ship of Romance--"
"Calypso was a land nymph," she observed, absently, "if accuracy interests you as much as your monologue."
Checked and surprised, he began to laugh at his own discomfiture; and she, elbow on the gunwale, small hand cupping her chin, watched him with an expressionless directness that very soon extinguished his amusement and left him awkward in the silence.
"I've tried my very best to be civil and agreeable," he said after a moment. "Is it really such an effort for you to talk to a man?"
"Not if I am interested," she said quietly.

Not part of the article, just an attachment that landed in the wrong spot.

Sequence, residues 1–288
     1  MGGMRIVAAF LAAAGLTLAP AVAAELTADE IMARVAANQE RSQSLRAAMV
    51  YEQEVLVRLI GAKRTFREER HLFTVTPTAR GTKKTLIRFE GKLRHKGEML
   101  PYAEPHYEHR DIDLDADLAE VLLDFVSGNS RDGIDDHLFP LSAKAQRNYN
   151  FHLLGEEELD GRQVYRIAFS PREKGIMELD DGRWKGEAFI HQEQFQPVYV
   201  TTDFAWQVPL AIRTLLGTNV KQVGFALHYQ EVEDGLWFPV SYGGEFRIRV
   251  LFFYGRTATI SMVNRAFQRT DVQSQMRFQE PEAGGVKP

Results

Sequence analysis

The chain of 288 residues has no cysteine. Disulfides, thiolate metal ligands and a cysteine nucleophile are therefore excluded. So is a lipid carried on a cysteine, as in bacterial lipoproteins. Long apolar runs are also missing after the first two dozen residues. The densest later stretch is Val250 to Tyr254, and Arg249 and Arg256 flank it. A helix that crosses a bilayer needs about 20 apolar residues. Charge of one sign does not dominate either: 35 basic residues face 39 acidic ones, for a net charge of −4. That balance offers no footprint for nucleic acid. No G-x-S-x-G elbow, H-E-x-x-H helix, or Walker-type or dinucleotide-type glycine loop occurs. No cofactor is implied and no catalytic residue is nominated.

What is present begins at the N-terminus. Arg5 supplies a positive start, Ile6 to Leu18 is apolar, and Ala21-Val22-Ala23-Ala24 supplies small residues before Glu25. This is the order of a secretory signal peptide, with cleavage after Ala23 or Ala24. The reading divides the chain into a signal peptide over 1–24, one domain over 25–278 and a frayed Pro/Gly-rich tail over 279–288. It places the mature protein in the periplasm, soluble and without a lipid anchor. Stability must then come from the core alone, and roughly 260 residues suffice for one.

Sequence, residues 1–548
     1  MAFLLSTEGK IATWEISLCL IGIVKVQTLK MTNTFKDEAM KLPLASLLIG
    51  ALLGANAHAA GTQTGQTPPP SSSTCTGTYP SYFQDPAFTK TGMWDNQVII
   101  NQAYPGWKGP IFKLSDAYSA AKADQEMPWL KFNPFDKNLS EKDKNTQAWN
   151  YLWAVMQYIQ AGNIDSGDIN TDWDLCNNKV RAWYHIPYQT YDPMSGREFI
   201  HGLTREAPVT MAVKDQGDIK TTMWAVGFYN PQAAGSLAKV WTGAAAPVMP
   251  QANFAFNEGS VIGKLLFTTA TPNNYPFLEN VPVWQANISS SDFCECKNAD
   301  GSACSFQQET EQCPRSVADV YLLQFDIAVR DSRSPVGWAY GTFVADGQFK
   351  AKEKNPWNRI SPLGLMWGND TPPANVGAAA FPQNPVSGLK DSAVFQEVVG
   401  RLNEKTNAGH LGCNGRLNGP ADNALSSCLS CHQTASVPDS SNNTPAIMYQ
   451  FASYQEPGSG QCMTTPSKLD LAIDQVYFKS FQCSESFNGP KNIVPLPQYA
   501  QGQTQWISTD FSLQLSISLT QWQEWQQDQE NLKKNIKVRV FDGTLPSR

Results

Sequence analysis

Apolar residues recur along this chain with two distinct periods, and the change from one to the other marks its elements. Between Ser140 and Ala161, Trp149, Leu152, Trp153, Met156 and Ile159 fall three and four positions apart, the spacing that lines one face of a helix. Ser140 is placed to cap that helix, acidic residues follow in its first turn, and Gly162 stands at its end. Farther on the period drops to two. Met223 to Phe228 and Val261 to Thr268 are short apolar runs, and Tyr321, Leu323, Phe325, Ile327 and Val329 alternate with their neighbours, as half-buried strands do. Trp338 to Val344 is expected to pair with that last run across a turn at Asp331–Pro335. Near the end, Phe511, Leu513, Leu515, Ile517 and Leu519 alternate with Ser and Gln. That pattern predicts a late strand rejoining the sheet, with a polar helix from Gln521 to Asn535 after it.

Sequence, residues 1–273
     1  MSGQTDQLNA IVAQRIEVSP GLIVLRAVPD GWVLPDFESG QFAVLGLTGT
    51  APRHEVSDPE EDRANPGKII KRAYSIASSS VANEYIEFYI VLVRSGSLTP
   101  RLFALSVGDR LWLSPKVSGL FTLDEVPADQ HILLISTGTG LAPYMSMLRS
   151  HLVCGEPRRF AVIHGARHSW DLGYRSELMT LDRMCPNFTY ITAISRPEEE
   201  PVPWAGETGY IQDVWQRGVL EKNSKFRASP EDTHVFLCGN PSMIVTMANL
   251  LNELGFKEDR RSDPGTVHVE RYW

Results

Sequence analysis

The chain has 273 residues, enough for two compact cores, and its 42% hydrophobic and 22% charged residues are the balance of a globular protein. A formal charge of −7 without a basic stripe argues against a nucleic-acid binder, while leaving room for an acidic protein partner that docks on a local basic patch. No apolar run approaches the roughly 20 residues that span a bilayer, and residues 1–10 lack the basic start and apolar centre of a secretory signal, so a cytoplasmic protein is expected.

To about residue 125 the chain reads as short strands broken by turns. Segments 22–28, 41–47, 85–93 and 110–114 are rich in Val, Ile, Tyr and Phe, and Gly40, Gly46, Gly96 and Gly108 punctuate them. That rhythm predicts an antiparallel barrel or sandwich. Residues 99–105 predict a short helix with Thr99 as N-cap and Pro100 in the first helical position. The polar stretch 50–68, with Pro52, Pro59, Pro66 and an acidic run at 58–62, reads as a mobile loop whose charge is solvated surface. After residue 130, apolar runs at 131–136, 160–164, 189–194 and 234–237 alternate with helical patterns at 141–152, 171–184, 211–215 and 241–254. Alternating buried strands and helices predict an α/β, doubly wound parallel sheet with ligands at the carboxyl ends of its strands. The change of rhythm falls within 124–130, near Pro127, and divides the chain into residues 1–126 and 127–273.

He felt that his ears were growing red; she noticed it, too, and added: "I do not mean to be too rude; and I am quite sure you do not either."
"Of course not," he said; "only I couldn't help seeing the humour of romance in our ocean encounter. I think anybody would--except you--"
The crisp, quick question which, with her, usually seemed like an exclamation, always startled him into temporary silence; then he began m